We are not saying that a project plan cannot contain many tasks and even more task links. Suppose we can care enough to plan the thousands of tasks and relationships well. In this case, we can get a "perfect" project plan for tracking and rescheduling.
It seems that this "perfect" plan can help us automate the heavy rescheduling work. After changing the date of a task, the successors change automatically according to the link constraints. So we need less work than updating related tasks manually, because the app follows the link constraints to do the rest well.
Sounds good, but wait, let's think a bit more about this "perfect" approach.
Why do we have to put so much more effort into specifying start dates, end dates, resources, costs, and task links? Why don't we make it easy to plan the work, like managing tasks in a simple to-do list? Since the project plan is a guide (what, when, to whom, how, and how much. See why we chose the project plan app) for the project team to the project. We need to track task progress with the team and reschedule the project as . The project team needs to follow the schedule for their daily work and update the status to achieve the current plan for the upcoming days.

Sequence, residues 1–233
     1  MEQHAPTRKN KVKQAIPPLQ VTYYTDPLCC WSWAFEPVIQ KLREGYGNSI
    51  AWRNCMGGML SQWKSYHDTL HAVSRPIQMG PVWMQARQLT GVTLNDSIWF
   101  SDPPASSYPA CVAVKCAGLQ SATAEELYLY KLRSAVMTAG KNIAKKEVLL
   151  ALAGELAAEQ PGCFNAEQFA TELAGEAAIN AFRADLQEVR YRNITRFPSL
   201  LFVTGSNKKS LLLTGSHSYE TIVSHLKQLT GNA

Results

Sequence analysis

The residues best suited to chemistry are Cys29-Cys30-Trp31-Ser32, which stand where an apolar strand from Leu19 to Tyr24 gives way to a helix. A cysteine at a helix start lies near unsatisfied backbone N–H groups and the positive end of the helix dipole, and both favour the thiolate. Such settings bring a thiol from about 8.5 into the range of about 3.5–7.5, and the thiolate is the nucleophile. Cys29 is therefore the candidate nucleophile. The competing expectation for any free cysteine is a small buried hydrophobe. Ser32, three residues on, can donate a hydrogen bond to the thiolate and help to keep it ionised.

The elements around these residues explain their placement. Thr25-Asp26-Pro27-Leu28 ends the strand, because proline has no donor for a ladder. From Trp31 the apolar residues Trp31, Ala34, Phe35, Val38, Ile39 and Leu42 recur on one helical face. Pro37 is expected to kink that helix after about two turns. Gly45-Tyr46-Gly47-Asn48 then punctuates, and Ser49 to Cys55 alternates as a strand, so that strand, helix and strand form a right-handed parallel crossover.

- Is the schedule convenient enough to update the task status when discussed with the team?
- Is the cost acceptable for management to change something when the link needs to be disconnected? It's telling when you find that you have to spend hours rebuilding the schedule to account for just one task change, because many tasks are linked, and one task impacts many others.
- We can trust the app, but can we believe the result of the rescheduling? After you change a task, the app correctly changes the date of the linked tasks. That sounds good, but do you believe the new plan is the right one with the right resource allocation, duration, and cost?
- It's super time consuming to create the perfect task links to make sure everything is correct after it's set up. The new plan still meets the balance of resources, keeps the low cost and short duration. The reality is that most of the time, we still have to manually check the result after the "perfect" links have gone into effect.
- Is the schedule a clear map in your mind? Also, can your team members get started quickly? Since we have a "perfect" and complicated schedule document, we have to review it every day before we do anything. Every time there is an unexpected change, we have to review the documents. This can take a long meeting because we don't know what is going to happen. How can the organization deal with risks and changes when the project team has no idea of the tasks ahead?
- Is it a good practice to display too many tasks together on an iOS device? QuickPlan is indeed the most fluid Gantt chart app that has no performance issues. But navigating a list with thousands of items is still not a good practice, alternatively on a Mac device?